Director of Two for the Seesaw Gary Condes summarises his play with three words: love, life and truth. Indeed, the theatre is very often the site for exploring universal human conditions in the form of art and drama; Two for the Seesaw is an epitome. Based in New York in the late 1950s, the play, written by William Gibson, depicts two souls in their late twenties and early thirties from very different backgrounds sharing the same quest for love and purpose in life despite the vicissitudes of fate. Jerry, a sulking Nebraska lawyer undergoing divorce proceedings, escapes to the city of dreams, where he meets aspiring Polish dancer Gittel. Notwithstanding their contrasting takes on life, Gittel’s sympathy for Jerry’s turmoil and loneliness as well as Jerry’s desire to offer care and guardianship to the gullible Gittel spark off their passion and enliven their suffocating lives. Yet just when it seems like a rosy fresh start for both, Jerry finds himself lingering on his past marriage and doubting his success in career. In the meantime, Gittel is frustrated by living in the shadows of Jerry’s ex-wife and her failure to become an established dancer. Their relationship reaches rock bottom as they painfully make a decision between romance, dreams and survival.
In his interview, Condes points out that the main challenge of directing the play lies in drawing out the nuanced and fully-rounded performances rooted in psychological truth. Both Elsie Bennett (Gittel) and Charles Dorfman (Jerry) give an on-point execution of the characters’ emotions, ranging from the attorney’s idiosyncratic nerves against social life, his explosive jealousy, Gittel’s vivaciousness, her hidden fragility and both characters’ unconcealable despair when confronted with life’s capricious conditions. Bennett’s remarkable adoption of the European accent further spices up the vividness of her character.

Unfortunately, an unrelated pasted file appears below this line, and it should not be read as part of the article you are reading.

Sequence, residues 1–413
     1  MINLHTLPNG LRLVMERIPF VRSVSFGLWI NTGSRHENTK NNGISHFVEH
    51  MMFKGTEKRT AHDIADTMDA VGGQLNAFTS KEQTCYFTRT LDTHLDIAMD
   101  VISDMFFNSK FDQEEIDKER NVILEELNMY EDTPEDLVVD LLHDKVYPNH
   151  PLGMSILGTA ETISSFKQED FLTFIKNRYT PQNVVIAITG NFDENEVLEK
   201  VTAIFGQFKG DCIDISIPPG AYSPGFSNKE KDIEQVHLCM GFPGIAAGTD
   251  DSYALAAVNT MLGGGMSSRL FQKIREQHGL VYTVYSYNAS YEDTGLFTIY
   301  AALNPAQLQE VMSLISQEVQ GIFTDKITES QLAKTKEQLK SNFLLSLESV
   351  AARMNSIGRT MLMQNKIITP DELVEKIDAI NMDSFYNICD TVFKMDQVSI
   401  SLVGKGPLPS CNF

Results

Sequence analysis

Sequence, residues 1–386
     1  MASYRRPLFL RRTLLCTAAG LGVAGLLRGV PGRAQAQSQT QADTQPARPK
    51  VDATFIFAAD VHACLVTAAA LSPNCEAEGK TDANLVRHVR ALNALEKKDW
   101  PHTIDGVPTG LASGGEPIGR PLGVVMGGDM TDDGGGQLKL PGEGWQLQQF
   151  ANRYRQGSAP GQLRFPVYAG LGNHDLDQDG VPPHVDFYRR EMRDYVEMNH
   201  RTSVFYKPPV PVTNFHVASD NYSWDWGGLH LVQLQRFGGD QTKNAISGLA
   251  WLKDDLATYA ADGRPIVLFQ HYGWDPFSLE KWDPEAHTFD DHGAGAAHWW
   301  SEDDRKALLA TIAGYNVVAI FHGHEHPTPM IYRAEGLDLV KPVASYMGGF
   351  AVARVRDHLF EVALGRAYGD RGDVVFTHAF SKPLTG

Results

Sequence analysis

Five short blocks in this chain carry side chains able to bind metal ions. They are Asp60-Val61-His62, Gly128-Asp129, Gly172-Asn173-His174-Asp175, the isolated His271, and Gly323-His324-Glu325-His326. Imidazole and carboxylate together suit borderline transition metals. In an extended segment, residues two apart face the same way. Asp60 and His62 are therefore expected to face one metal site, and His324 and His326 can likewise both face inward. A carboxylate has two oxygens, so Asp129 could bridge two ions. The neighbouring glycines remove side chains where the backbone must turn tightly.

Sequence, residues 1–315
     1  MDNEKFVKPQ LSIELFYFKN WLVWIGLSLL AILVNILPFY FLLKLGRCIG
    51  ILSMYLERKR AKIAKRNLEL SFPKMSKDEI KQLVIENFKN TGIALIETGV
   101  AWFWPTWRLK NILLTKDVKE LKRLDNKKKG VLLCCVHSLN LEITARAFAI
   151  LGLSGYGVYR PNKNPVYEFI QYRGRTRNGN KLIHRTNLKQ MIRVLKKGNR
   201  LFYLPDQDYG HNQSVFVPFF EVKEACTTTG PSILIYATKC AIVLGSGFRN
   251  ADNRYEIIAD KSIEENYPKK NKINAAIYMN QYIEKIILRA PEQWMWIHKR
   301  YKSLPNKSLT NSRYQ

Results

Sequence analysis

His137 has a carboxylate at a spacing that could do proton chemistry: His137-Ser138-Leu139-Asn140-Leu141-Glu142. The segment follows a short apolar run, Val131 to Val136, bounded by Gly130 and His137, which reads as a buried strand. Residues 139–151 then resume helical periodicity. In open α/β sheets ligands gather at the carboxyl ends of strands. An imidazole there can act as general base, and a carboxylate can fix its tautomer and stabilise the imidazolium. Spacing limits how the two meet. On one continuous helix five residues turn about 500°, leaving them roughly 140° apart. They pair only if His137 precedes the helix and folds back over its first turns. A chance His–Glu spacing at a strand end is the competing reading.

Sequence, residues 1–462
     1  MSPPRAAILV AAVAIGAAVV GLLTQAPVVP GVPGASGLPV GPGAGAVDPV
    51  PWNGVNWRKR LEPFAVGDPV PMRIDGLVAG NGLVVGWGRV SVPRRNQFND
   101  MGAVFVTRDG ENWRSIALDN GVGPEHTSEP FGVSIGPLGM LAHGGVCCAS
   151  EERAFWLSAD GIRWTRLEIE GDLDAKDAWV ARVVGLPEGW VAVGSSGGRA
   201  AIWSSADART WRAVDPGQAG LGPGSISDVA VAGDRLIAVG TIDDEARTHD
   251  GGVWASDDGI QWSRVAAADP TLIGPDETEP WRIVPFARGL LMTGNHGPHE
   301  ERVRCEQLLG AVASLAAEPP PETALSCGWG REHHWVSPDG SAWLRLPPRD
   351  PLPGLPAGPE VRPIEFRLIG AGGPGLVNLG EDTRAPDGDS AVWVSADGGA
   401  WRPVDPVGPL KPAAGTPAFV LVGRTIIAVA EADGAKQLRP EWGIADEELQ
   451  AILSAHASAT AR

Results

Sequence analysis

The writing comes hand in hand with the acting in highlighting an ordinary individual’s epic journey to find purpose in life. Gibson’s arrangement for a lot of the glamourous or major parts of the story not to be shown on stage, such as Jerry and Gittel’s first dinner date or the divorce trials, offers the audience a fresh angle at scrutinising the hidden, unmentioned and unseen sentiments of urban life. Bennett and Dorfman then deliver a powerful and believable performance in placing the complexity and subtleties of the human psyche right in front of the audience’s eyes.
The dialogues cleverly draw on the absurdity of mundane conversations, such as how Jerry and Gittel blabber on about an icebox when all they want to express is their affection for each other or how they argue pointlessly about picking up the ex-wife’s phone call. While the genre of the play is comedy-drama, these conversations foreground the cowardice and fear of the characters as well as hopes and disappointments in life succinctly, which in turn add a poignant note on the laughable tragedy of modern life.
Christopher Nairne’s meticulous lighting design is another highlight of the play. Jerry’s sick green room is lit either by a lightbulb or candle whereas Gittel’s warm pink flat glows in lamplight. Together with Max Dorey’s attention to details in crafting the props and sets, such as the placing of Jerry’s empty room right next to Gittel’s which is better-furnished and hung with her photographs, the contrasting shades, colours and spaces shape the characters’ personalities effectively and play a major part in the storytelling.
The two-hour-long play takes place in one single set—two rooms which are more prisons than homes. However, the production team’s witty script, remarkable stage design and convincing performance bring much force to the stage to reveal the dreamers’ innate yearnings for breaking free from their current entrapment. An ordinary story about two common individuals it may be; yet it is a play that deeply touches human hearts through the ‘seesaws’—ups and downs—of life that we all share.